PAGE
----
15 June 2017

What It Has All Meant: Balance

On Facebook the other day (12 June) I wrote – and if you wish to skip the end, you have leave:

This is an “old” blog post (5 June 2017). I'm posting it here, this morning, as an expression of pleasant surprise.
As I revisit this instalment on my blog, I “discover” that, apart from the melody in mm.24-33 (which I scrawled sometime in May), I composed the fifth movement of the Clarinet Sonata in a week.
Yes, I imported/modified nine measures of piano accompaniment from the second movement, and a couple of brief passages from the first movement.  But for the most part, the 201-measure, 8-minute conclusion of the Sonata was the work of seven days.  (And I did not do much work on Friday, as I was playing in the percussion section in an Arlington Philharmonic concert that night.)
In fact, I hope my friends will forgive me if I indulge in something of a victory lap for three accomplishments over the past year:
30 June 2016:  With the completion of the Gloria, I finished the Mass Op.106 for mixed choir SATB unaccompanied.  I composed a Kyrie in 2012;  I accepted as a good-natured challenge a friend’s suggestion that it might be the first number of a complete Mass, although I was determined to take my time, and only compose each further movement when the Muse bade me.
21 January 2017:  Completion of the Symphony № 1, Op.143 (three movements, 25').  Composition of the Symphony began 8 October 2016.
11 June 2017:  Completion of the Sonata for Clarinet & Piano, Op.136 (five movements, 35').
Thus:  three substantial works, one each of sacred choral, orchestral, & chamber music, completed in the past year.  Some of my friends know exactly where this is going:  No later than Independence Day, I shall resume work on the ballet White Nights, nor will I let it go, except its completion bless me.
Anyway, I made a promise that I would not start a Symphony № 2, until I put this ballet to bed.

Something I am celebrating even above the accomplishment of the three major pieces (is a clarinet sonata a “major piece”? You go ask Mr. Brahms) is:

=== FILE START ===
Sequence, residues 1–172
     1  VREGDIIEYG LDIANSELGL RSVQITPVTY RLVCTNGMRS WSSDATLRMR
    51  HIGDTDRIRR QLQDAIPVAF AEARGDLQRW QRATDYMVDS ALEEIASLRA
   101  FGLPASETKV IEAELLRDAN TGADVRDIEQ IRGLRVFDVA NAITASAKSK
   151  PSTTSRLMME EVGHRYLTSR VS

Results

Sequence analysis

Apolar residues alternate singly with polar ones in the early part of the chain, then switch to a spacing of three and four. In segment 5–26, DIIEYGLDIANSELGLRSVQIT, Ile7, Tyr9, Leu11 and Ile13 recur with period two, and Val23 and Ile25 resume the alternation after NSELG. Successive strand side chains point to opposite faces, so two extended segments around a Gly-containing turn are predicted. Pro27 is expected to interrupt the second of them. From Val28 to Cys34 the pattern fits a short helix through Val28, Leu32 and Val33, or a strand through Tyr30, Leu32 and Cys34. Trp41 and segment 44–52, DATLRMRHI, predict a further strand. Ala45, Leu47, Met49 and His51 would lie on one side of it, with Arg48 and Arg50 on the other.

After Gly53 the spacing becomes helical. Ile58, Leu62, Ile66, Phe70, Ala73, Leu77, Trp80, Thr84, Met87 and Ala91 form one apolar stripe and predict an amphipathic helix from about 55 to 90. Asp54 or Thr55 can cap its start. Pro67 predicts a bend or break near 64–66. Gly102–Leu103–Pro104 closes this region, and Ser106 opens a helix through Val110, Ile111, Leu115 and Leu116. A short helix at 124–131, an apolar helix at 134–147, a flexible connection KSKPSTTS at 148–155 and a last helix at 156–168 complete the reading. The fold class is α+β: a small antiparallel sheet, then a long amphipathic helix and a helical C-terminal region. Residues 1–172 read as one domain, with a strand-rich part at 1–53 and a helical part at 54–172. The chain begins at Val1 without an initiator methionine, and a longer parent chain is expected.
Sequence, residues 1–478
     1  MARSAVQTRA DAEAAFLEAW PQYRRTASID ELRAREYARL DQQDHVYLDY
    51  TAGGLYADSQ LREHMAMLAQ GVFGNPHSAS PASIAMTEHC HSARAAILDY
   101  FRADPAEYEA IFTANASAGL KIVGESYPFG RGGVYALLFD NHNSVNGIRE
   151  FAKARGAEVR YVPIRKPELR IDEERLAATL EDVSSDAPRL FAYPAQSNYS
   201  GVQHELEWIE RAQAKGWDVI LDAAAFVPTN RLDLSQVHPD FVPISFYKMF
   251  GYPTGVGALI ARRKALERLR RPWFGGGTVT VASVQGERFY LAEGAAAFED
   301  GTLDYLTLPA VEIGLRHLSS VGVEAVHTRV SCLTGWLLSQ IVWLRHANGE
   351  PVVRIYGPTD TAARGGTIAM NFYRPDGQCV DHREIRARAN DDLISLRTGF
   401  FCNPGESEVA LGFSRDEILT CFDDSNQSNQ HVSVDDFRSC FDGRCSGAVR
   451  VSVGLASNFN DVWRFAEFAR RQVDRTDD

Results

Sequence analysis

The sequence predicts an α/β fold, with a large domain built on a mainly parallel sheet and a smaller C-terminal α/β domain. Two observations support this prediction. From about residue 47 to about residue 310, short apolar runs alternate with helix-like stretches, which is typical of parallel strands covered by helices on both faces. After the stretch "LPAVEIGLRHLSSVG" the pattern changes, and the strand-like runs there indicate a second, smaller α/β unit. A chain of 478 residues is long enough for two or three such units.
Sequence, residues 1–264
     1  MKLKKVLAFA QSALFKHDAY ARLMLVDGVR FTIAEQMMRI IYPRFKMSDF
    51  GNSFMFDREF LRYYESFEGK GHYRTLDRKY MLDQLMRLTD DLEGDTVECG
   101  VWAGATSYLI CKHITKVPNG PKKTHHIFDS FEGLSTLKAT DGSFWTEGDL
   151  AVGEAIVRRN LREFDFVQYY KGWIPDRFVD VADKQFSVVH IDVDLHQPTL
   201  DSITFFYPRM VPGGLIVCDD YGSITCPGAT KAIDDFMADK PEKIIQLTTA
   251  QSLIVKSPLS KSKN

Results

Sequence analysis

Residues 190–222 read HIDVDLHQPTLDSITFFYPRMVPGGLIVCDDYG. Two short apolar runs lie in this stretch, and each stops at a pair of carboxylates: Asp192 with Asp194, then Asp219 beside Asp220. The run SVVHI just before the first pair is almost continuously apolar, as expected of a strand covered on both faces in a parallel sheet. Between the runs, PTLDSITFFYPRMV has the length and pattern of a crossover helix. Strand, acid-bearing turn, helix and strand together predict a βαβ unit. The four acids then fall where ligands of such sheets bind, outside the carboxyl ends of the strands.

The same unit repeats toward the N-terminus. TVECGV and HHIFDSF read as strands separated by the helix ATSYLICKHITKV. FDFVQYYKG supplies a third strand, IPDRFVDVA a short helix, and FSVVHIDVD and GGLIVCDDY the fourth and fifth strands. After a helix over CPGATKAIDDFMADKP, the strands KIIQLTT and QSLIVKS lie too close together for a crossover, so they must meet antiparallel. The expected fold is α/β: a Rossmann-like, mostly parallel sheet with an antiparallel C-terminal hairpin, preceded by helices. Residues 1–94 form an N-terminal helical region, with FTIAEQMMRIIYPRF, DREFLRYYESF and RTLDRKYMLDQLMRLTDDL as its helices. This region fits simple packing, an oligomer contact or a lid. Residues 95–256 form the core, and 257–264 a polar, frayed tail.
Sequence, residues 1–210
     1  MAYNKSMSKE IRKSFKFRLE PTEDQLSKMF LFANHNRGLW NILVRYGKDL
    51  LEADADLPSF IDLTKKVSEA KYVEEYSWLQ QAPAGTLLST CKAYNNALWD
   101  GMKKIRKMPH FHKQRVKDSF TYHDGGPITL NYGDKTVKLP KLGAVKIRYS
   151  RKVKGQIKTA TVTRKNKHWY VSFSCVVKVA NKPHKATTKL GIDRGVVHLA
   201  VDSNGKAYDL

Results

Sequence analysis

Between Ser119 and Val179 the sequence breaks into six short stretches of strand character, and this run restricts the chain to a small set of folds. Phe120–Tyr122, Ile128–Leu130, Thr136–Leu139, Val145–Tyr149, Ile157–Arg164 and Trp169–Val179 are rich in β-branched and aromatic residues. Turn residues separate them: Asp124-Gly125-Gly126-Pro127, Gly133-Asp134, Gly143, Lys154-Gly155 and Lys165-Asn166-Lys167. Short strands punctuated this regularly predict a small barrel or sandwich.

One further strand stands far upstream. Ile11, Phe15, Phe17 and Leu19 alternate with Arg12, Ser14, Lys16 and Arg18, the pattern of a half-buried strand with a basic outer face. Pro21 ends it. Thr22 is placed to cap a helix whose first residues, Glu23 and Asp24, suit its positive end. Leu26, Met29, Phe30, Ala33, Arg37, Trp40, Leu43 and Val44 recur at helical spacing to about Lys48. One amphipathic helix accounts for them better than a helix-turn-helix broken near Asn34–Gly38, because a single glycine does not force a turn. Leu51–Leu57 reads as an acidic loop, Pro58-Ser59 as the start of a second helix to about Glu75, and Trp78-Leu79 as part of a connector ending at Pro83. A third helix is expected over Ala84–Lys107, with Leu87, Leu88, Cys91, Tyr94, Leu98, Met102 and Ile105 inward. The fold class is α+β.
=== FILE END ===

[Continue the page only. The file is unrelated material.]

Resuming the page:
Like many of the composers I know, composing music is not gainful employment. Therefore, like many of the composers I know, composing music is not the only thing I do. I have full-time (non-musical) work – and thank goodness for that – and I am also the choir director at Holy Trinity United Methodist Church in Danvers, Mass. Obviously, for that choir director position to coexist with my full-time job, it is but a part-time engagement. In a sense, though, I am sometimes “on the clock” beyond the usual Thursday evening choir rehearsal and Sunday morning service commitments. It is my pleasure to report that part of what is expected of the music director at the church is, occasional fresh, pertinent compositions for use in the worship service; thus, for instance, on Tuesday evening I composed a brief piece for the church’s handbell choir to ring as part of the service on 25 June.

The triumph, then, which I celebrate is that it has been possible to find a balance of the Day Job, the Church Music Directorship, and my own (selfish) creative work so that I could get these three major pieces completed, and to my entire musical satisfaction.

(Of course, my working life is a little more complicated still, as I am a founding member of Triad: Boston’s Choral Collective, and I do try to play my clarinet now and again.)

So, if you skipped to the end (which in neighborly goodwill, I made you free to do), go on back, and read what you missed.

You know you want to.


Cato said...

That is not a grave marker, I hope?! ;)

Karl Henning said...

A. Ask yourself: Would Art’s dying request be, “burial in Boston”?


B. Time and the salt winds have effaced the rest of the inscription, ...hur Fiedler